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Old 02-21-2011, 08:33 AM
 
7,887 posts, read 9,512,763 times
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Quote:
Originally Posted by chickennoodle View Post
Our family is considering a relocation from Seattle to Tallahassee. We have 2 young children, ages 5 & 2, who will be starting 1st grade and preschool in the fall. We like to be active - taking in local parks, theater, children's museums, zoos, etc. We have lived our entire lives in the Pacific Northwest, and except for a trip to WDW, have never stepped foot in FL.
Tallahassee is not much like southern and central Florida. We have trees and (gasp) hills here. It's more like central/southern Georgia. Very pretty, actually.

Quote:
I am most concerned about what the schools are like. It appears there are many private school options as well as charter schools - charter schools are unheard of around here. We live in a very affluent neighborhood currently, and chose our home based on the schools that surround it. Can anyone shed light on how a majority of families in the area handle schooling options? Do most go to their neighborhood public school or do they choose private? Are high expectations generally found?
The public schools, especialy on the north side of town, are generally better than what you would find in the rest of Florida. I don't know how that compares with the Pacific NW, but in general Florida schools are not that great. I can tell you that the north side of town has excellent elementary public schools. Many people living in the affluent parts of town send their kids to public school here. I wouldn't if I lived in any other part of Florida...but Tallahassee is different.

Quote:
I understand that Tallahassee is a "College Town". Does it cater to families too?
Yes, very much so! Tallahassee is much more than just a college town, and once you get away from campus and the student hangouts, it is a family/kid oriented place.

Quote:
I have read that the north end of town a good place purchase a home. We are looking for a neighborhood feel with low crime, but it does not have to be the most expensive. Are there any other cities/towns nearby that are worth considering? My husband would be working north of the city.
Not really any sizeable towns in the area unless you want to live in Thomasville, GA. You can live on a hunk of gorgeous land north of Tallahassee and have your own little plantation, and still have pretty easy access to downtown and all the stuff you need to get to.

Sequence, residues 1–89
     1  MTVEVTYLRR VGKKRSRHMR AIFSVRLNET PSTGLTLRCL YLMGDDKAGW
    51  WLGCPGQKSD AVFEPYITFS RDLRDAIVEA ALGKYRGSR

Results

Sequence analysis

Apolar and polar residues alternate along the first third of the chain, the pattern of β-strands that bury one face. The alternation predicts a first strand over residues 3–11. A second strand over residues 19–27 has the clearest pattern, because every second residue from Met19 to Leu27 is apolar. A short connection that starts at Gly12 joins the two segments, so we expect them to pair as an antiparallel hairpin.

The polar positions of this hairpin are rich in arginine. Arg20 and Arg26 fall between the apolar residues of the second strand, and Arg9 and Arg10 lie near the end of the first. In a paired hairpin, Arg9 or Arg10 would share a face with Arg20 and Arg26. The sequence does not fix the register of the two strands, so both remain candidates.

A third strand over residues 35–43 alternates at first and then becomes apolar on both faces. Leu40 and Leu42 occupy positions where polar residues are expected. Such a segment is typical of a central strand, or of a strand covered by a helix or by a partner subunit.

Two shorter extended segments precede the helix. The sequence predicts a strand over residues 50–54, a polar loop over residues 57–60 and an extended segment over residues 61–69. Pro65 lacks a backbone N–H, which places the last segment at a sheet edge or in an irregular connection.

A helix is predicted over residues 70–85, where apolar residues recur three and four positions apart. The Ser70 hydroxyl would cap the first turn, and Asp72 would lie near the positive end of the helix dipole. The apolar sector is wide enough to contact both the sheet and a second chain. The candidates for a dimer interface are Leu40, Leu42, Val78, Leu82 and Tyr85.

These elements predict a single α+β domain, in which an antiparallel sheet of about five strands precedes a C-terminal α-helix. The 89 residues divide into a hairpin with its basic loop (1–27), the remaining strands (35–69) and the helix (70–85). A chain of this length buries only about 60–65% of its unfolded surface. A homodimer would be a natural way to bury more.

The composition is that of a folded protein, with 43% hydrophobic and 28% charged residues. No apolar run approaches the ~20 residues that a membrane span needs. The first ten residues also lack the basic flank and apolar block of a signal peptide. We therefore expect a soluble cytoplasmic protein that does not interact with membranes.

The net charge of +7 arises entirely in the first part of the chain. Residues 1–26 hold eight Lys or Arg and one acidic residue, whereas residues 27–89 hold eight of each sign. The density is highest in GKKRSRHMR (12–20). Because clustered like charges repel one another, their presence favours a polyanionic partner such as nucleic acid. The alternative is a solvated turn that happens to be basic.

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Old 02-22-2011, 03:46 PM
 
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Default ULTRA-conservative family moving to north florida...please help!

hello everyone! are there any towns that are good for families, they also need to be conservative......my family is HARD-CORE conservative. please help!! also need schools
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Old 02-23-2011, 11:06 AM
 
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Originally Posted by love_you View Post
hello everyone! are there any towns that are good for families, they also need to be conservative......my family is HARD-CORE conservative. please help!! also need schools
Then you probably won't like Tallahassee, as it is run by liberals.

And run pretty well, I might add.
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Old 02-23-2011, 02:04 PM
 
Location: Lake Talquin
108 posts, read 335,499 times
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Quote:
Originally Posted by Strel View Post
Then you probably won't like Tallahassee, as it is run by liberals.

And run pretty well, I might add.
Yup! Very well.
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Old 02-27-2011, 11:31 AM
 
10 posts, read 41,035 times
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Thank you, Strel! I don't know that I've seen anything yet in a picture that looks like a "hill" to me, but I believe you. I have been pleasantly surprised to see the oaks that are widely talked about. I obviously had no idea what to expect as I really thought the area would be riddled with palms! In my search across this forum I have come across a few other items that I am curious about, and I wonder if someone can help.